Building the Data Warehouse

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Normalization/Denormalization


The output of the data model process is a series of tables, each of which contains keys and attributes. The normal output produces numerous table, each









Figure 3.23 The data model allows the different iterations of development to be built in a cohesive manner.


Figure 3.25 When there is no data model, the iterations do not form a cohesive pattern. There is much overlap and lack of uniformity.


with only a modicum of data. While there is nothing wrong—per se—with lots of little tables, there is a problem from a performance perspective. Consider the work the program has to do in order to interconnect the tables dynamically, as shown in Figure 3.26.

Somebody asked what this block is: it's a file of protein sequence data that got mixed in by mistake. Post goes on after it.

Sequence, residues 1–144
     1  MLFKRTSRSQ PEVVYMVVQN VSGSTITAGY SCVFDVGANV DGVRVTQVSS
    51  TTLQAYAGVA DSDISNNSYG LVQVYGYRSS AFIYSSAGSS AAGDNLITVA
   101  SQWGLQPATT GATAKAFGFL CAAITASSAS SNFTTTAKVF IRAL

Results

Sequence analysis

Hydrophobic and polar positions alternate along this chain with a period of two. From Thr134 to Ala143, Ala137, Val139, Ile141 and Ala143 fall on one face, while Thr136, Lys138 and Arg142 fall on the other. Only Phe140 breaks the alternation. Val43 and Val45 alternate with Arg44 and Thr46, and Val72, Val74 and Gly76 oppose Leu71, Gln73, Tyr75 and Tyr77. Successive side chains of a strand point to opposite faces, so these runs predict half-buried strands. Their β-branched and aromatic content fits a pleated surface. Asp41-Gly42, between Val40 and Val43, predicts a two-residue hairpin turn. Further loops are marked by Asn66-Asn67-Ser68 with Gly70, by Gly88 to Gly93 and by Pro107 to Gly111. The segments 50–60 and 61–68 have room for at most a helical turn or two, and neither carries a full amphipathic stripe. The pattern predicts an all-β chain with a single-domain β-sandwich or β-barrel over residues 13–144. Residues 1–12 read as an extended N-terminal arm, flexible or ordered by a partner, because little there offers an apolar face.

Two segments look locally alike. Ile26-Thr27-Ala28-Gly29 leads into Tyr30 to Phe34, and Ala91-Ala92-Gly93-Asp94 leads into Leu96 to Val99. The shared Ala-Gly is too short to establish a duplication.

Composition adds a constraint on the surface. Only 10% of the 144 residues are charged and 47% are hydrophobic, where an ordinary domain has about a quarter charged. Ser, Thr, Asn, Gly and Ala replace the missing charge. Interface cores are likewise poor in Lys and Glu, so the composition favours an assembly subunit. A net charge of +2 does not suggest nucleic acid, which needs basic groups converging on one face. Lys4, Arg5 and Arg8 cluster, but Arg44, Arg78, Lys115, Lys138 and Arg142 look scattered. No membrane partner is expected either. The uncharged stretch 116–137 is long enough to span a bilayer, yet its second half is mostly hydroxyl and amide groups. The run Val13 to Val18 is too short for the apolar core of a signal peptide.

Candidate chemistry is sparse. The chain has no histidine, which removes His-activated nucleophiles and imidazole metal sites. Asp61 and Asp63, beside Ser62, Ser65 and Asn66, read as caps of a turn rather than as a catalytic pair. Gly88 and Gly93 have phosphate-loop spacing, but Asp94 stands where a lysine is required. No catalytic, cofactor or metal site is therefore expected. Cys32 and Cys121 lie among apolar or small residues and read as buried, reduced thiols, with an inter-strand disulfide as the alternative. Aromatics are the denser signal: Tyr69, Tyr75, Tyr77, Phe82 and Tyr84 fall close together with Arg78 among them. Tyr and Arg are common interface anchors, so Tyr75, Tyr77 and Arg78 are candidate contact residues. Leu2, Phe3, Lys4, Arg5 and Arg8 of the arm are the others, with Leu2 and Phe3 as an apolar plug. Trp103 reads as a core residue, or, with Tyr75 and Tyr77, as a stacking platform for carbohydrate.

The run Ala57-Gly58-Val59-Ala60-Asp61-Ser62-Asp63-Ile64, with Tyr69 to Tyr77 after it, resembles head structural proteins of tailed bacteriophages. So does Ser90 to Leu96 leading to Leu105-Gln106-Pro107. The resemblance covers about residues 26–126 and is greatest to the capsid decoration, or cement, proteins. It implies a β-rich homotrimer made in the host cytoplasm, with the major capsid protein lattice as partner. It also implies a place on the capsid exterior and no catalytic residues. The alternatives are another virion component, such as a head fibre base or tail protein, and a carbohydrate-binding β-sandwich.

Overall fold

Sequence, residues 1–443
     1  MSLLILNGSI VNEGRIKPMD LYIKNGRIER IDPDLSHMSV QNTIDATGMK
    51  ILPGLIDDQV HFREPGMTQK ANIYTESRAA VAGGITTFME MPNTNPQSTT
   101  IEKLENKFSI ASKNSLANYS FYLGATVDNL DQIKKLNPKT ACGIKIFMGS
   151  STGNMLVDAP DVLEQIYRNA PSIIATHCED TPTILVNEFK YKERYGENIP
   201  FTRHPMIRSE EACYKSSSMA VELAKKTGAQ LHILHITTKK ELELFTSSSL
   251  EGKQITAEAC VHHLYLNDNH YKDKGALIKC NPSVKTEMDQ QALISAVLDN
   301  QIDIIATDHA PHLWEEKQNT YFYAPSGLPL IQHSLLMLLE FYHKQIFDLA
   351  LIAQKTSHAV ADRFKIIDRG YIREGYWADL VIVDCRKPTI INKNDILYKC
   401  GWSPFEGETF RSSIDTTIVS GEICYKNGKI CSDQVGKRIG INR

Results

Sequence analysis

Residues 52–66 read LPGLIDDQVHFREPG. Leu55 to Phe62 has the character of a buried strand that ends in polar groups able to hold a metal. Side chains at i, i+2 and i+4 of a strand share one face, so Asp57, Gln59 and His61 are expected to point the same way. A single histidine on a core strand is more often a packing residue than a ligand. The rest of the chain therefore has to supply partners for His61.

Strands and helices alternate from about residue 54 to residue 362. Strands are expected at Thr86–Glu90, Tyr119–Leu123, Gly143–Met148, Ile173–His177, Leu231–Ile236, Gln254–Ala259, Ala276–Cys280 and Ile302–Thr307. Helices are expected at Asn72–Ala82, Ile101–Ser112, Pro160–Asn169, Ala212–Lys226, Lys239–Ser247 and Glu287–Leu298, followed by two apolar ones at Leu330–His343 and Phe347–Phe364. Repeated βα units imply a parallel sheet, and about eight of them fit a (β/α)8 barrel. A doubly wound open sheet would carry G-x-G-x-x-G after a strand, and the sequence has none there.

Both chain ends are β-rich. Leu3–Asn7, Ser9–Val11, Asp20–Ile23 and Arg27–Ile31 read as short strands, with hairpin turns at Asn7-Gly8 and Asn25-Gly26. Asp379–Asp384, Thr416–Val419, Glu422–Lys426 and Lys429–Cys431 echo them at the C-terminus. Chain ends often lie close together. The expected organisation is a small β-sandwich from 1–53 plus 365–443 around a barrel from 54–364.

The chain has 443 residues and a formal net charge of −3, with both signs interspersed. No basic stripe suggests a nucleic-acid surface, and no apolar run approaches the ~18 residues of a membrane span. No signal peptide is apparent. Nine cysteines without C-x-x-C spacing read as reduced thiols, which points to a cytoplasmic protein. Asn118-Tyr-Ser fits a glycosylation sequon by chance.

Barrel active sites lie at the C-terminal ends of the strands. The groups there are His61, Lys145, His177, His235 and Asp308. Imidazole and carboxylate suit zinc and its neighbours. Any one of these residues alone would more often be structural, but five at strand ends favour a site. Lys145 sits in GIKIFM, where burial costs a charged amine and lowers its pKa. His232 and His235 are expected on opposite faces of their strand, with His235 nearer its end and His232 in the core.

In Figure 3.26, a program goes into execution. First, one table is accessed, then another. To execute successfully, the program must jump around many tables. Each time the program jumps from one table to the next, I/O is consumed, in terms of both accessing the data and accessing the index to find the data. If only one or two programs had to pay the price of I/O, there would be no problem. But when all programs must pay a stiff price for I/O, performance in general suffers, and that is precisely what happens when many small tables, each containing a limited amount of data, are created as a physical design.

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